UpToDate
Official reprint from UpToDate®
www.uptodate.com ©2017 UpToDate, Inc. and/or its affiliates. All Rights Reserved.

Medline ® Abstract for Reference 45

of 'Pediatric palliative care'

45
TI
The symptoms of dying children.
AU
Drake R, Frost J, Collins JJ
SO
J Pain Symptom Manage. 2003;26(1):594.
 
The purpose of this study was to examine the symptom prevalence, characteristics, and distress of children dying in hospital. Symptoms during the last week of life were obtained from the medical records. Symptoms and their characteristics during the last day of life were determined by nurse interview. Thirty children with an average age of 8.9 years were evaluated. The dominant disease process was cancer (n=18), most likely location of death intensive care (n=20), and major physiological disturbances at the time of death respiratory failure (n=9) and encephalopathy (n=9). The majority of children (90%) did not have a pre-existing Do Not Resuscitate (DNR) order and 58% of these children had this addressed for the first time in the last day of life. The mean (+/-SD) number of symptoms per patient in the last week of life was 11.1+/-5.6 and six symptoms occurred with a prevalence of 50% or more. The location of death had a significant (P<0.02) impact on the mean number of symptoms: ward (14.3+/-6.1) vs. intensive care (9.5+/-4.7). In general, symptoms in the last day of life were not associated with a high level of distress. In summary, the symptom burden of dying children is high. Symptoms were, at times, distressing but children were generally comfortable. The findings suggest the application of the palliative care paradigm and a more aggressive approach to symptom control to all areas of the hospital may prove beneficial to dying children.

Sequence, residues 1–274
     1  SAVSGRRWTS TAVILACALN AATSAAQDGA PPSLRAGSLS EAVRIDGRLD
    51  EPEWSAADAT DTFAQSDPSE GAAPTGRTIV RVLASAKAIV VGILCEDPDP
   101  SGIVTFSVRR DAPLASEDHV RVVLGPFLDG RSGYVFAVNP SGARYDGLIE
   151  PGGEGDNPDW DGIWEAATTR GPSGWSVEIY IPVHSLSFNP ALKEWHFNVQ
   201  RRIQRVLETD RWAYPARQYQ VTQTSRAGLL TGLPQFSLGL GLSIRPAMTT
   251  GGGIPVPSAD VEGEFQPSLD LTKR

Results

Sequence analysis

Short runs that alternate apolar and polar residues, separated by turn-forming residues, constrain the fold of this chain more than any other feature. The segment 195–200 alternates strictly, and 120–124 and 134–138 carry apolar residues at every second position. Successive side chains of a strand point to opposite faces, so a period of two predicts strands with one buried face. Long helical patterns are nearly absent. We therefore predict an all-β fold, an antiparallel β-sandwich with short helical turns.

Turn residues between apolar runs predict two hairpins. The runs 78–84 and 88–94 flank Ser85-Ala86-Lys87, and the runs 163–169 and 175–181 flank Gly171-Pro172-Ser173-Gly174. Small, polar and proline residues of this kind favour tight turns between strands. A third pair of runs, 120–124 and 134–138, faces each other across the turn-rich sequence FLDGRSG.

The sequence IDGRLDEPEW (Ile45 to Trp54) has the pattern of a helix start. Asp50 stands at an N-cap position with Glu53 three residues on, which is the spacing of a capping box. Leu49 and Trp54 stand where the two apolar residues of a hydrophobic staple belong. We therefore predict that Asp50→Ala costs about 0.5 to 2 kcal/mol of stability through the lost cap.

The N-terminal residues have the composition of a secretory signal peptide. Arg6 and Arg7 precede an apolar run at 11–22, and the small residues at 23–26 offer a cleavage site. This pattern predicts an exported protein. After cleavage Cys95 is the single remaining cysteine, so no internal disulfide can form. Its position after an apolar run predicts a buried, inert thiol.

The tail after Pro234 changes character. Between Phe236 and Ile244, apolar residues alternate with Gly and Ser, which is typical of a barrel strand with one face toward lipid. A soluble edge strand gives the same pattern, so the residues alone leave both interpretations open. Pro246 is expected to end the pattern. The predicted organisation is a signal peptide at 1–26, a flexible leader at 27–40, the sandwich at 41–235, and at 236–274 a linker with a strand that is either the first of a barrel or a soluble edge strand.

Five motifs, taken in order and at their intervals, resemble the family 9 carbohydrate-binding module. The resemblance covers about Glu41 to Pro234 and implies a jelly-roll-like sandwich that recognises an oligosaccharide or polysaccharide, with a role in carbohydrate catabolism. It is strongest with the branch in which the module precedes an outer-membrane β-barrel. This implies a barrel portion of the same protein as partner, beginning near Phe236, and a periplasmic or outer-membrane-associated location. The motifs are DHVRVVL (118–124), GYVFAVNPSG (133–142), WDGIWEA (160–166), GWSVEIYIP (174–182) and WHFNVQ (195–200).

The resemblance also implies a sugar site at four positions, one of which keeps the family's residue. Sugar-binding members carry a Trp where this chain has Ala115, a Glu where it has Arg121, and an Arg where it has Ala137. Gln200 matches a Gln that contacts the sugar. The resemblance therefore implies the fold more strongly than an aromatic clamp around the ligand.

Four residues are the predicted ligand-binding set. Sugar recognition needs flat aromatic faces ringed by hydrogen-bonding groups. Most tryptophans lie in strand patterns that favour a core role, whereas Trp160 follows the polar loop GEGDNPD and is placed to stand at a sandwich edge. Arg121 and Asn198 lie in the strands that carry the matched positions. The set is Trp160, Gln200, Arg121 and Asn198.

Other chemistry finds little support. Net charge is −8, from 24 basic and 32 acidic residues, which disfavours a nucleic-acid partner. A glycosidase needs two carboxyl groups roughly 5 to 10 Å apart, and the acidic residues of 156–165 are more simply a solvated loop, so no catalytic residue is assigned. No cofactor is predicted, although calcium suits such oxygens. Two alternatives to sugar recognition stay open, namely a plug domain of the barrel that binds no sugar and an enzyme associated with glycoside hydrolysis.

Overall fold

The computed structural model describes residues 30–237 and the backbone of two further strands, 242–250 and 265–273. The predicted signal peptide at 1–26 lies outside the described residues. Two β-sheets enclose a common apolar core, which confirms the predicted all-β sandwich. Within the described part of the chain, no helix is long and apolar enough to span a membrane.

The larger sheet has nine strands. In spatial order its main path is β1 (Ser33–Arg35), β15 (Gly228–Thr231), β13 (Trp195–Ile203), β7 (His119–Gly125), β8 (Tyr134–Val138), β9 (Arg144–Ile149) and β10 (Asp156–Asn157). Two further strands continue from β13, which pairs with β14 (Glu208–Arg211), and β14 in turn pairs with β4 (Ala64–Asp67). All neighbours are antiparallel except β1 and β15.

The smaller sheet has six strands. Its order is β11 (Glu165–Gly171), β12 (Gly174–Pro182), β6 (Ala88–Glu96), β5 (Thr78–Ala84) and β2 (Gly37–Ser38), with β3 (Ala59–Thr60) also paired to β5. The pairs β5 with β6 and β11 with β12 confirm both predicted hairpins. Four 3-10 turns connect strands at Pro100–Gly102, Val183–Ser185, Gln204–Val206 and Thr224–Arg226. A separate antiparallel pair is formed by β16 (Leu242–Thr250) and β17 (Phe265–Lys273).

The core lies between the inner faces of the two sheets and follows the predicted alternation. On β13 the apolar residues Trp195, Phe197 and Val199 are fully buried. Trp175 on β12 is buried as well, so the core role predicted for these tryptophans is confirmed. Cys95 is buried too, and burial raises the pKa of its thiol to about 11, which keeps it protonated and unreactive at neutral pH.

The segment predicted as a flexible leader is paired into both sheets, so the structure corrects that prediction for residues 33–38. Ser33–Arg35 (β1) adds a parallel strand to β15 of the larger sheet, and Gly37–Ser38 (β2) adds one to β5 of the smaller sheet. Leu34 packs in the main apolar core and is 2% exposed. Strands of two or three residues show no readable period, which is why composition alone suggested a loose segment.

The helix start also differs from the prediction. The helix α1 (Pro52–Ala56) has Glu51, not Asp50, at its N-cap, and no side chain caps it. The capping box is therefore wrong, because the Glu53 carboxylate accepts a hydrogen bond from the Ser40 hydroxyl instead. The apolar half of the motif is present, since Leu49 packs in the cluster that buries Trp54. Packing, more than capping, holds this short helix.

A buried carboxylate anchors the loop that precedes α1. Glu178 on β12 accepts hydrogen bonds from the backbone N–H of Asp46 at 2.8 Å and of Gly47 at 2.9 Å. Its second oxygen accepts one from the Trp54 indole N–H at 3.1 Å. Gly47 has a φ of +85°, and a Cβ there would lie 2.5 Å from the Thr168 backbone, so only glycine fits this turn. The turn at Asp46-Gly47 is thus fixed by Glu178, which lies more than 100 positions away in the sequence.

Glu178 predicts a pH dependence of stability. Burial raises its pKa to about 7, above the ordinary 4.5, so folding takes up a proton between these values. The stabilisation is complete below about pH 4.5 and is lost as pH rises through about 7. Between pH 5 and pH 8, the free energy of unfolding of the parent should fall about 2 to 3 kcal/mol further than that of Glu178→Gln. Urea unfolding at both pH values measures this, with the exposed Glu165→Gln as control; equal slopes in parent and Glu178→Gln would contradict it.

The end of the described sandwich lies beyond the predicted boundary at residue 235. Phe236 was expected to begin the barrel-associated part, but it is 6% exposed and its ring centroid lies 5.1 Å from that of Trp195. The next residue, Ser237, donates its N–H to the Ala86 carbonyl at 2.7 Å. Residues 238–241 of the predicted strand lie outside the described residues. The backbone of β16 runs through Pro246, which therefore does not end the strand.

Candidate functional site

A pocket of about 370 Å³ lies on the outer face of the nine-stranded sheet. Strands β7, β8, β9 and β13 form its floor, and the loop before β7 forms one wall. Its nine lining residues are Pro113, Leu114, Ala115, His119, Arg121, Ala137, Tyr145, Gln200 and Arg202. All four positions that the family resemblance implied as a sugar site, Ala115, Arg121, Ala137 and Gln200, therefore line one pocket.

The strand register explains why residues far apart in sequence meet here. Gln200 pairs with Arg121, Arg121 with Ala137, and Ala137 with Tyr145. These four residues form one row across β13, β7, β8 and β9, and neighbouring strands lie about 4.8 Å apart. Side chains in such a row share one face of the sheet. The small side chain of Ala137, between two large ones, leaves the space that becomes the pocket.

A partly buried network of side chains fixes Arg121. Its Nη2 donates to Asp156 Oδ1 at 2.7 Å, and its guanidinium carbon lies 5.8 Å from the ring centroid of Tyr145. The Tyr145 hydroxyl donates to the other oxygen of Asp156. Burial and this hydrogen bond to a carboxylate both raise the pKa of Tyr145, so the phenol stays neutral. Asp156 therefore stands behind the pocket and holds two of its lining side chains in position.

AD
Pediatric Palliative Care Service, Starship Children's Hospital, Auckland, New Zealand.
PMID